I think it goes without saying that if you have plans to travel in Asia or anywhere the virus has been actively spreading, you should postpone this trip or travel on a must-need basis. If you already have a vacation booked (even if to a destination unaffected by COVID-19) and any member of your travel party has serious concerns, then go ahead and postpone your trip. My small children have fears about this virus so we have to quell their fear and address their concerns. In some cases that may mean adjusting travel plans slightly. At this point, based on current information, if you have to postpone your vacations, possibly move them to the fall in hopes that this is contained by then.
Airplanes, Airports And Large Groups
Places where large groups of people gather (for any reason) are locations which are usually best-equipped to deal with anything out of the ordinary. That being said, simply use common sense and adapt appropriately. For instance, today I am in Los Angeles. I’ve traveled through two major airports (JFK and LAX), flew on a packed commercial airplane and am staying at a major brand hotel chain. Yesterday and today, I washed my hands more often than I normally do. I avoided touching my face and paid attention to whom was in my close proximity. That’s the best I can do. I did not cancel my trip here. We have a full slate of travel as we produce episodes for our television series and we have not altered our travel plans based on this outbreak. We’re simply keeping extra cautious and diligent during all travel.
Stay Close To Home
If you are considering travel for leisure, but have concerns about leaving the country, then the answer is simple - don’t. If you haven't booked a trip yet then it would be wise to avoid Asia and possibly Europe until another time. Travel within the USA for now. The local economy could certainly use the revenue as travel numbers continue to plummet worldwide. It takes considerable exposure to COVID-19 to catch it, so a flight of just a couple hours should be perfectly harmless. You can attempt to avoid large crowds of people, but currently we don't have as dire a situation here in the US, so even that isn't entirely necessary. Places like cruise ships and theme parks have experts for managing these types of health scares, so you should be worry free.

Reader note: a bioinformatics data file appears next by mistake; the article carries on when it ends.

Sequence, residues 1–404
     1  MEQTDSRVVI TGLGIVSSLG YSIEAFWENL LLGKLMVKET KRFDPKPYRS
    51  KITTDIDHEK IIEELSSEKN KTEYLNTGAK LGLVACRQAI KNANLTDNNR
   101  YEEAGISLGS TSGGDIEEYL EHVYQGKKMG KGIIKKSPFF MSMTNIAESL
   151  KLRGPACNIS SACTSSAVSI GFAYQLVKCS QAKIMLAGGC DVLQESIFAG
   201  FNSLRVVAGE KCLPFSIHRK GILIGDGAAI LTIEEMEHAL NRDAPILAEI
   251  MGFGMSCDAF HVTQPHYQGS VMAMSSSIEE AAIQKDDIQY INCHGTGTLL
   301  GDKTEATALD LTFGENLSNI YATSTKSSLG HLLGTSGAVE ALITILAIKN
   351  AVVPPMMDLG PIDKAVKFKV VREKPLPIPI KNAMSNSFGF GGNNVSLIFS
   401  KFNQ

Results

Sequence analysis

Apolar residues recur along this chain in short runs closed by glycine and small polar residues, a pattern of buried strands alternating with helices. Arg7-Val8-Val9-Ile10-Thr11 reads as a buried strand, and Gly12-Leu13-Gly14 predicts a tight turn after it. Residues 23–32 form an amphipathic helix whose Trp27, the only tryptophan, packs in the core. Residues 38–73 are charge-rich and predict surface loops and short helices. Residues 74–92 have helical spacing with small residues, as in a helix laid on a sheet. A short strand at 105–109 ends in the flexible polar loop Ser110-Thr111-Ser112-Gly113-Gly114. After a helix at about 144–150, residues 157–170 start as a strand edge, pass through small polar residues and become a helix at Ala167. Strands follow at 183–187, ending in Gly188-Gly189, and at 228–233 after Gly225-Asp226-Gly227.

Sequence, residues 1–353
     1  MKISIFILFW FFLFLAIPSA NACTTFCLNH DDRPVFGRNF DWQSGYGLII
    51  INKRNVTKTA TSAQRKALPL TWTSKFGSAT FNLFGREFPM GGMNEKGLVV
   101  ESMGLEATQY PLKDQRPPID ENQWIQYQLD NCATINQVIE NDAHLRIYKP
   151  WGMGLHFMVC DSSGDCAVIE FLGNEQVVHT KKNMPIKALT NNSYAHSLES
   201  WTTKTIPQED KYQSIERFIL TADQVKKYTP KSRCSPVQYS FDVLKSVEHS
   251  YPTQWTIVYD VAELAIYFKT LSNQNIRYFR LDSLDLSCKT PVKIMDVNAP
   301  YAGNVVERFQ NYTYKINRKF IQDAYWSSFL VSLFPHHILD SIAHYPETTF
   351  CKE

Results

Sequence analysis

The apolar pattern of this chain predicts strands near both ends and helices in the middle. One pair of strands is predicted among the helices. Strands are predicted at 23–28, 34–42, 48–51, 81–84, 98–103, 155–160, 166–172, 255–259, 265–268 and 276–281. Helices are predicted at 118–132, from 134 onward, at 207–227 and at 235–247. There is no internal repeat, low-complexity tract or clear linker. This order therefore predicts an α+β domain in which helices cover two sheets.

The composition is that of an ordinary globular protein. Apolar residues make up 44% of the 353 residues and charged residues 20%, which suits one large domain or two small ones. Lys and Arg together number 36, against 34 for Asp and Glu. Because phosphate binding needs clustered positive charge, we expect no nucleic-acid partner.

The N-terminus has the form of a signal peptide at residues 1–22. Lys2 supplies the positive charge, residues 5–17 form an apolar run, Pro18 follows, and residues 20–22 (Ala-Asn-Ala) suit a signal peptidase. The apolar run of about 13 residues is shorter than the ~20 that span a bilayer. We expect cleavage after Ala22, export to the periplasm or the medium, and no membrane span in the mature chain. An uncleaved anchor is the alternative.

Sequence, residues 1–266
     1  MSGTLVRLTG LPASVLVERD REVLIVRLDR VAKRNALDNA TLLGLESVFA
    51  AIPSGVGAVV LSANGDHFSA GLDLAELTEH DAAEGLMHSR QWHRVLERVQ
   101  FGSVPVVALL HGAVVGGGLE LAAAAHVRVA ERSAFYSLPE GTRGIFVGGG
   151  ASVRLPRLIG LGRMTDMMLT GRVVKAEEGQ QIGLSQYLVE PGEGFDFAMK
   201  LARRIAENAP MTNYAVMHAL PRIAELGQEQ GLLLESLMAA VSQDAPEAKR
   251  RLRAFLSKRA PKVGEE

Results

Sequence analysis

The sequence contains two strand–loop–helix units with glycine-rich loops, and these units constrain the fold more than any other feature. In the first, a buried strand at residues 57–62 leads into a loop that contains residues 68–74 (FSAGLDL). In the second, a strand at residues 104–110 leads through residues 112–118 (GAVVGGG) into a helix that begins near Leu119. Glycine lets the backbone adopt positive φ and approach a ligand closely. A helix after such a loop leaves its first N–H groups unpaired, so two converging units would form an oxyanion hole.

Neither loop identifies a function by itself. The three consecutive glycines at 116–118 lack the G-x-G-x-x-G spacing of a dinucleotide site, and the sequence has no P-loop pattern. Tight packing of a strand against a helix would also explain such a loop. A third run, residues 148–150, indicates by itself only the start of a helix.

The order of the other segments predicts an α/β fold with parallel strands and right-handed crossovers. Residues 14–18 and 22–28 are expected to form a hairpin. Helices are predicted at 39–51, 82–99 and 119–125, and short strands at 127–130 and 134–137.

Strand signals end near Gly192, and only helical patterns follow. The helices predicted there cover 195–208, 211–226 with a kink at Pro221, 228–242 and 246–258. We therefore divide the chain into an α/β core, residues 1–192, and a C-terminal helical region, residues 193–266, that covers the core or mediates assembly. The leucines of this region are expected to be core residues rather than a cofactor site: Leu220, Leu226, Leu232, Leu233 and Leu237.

Wait It Out and Strike While the Iron’s Hot
This pandemic has affected, and will continue to affect, many different industries. From food manufacturing, and agriculture, to electronics, and, of course, the worldwide travel industry. Many people have cancelled trips all across the globe, not simply just to China. At the same time, travel out of China is practically non-existent. This is hitting airlines, hotels, livery drivers and tourism industry folks very hard in the wallet. In fact, BusinessInsider.com reported last week that the US travel industry alone is projected to lose over $10 billion in lost revenue from Chinese visitors to the US! $10 billion! This means that many places will eventually be desperate to make up all of that lost revenue - which means deals! The industry won't care where you’re going, they just want you going somewhere! Once the stigma of COVID-19 dies down, feel free to take advantage of flight and hotel packages that will undoubtedly be offered at a discounted rate. As long as you continue to monitor the situation where you live and where you’re traveling to, you should be perfectly fine. Common sense and due diligence - the two most important things you’ll need while traveling this coming year.
Healthy and Safe Travels!
About The Author
Erik Hastings, a.k.a. Erik the Travel Guy is an EMMY award-winning television personality who speaks directly to consumers who can't afford to "get their vacations wrong". He is the host and managing editor of the internationally syndicated television series "Beyond Your Backyard" for public broadcasting stations (PBS) and other networks/VOD platforms. Erik leads an incredibly talented team of industry pros and is the editorial driving force of his platform. While the travel industry directly supports millions of families worldwide, Erik believes travel makes the world a better place. Through exploration and discovery, he has learned that travel brings cultures together and he eagerly shares that spirit with his viewers.
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TV Series: Beyond Your Backyard
Audio: His Podcast
I am on a mission to get you traveling more often. As the host of the Emmy award- winning, nationally syndicated television television for PBS and the Create channel, "Beyond Your Backyard," I travel (on average) 25 weeks per year. I am very grateful for the opportunity to meet cool people, experience new places, eat delicious food and work with the best production crew in the world. Hopefully, through this blog, you will join me on my travels and be reminded just how exciting it is to be alive!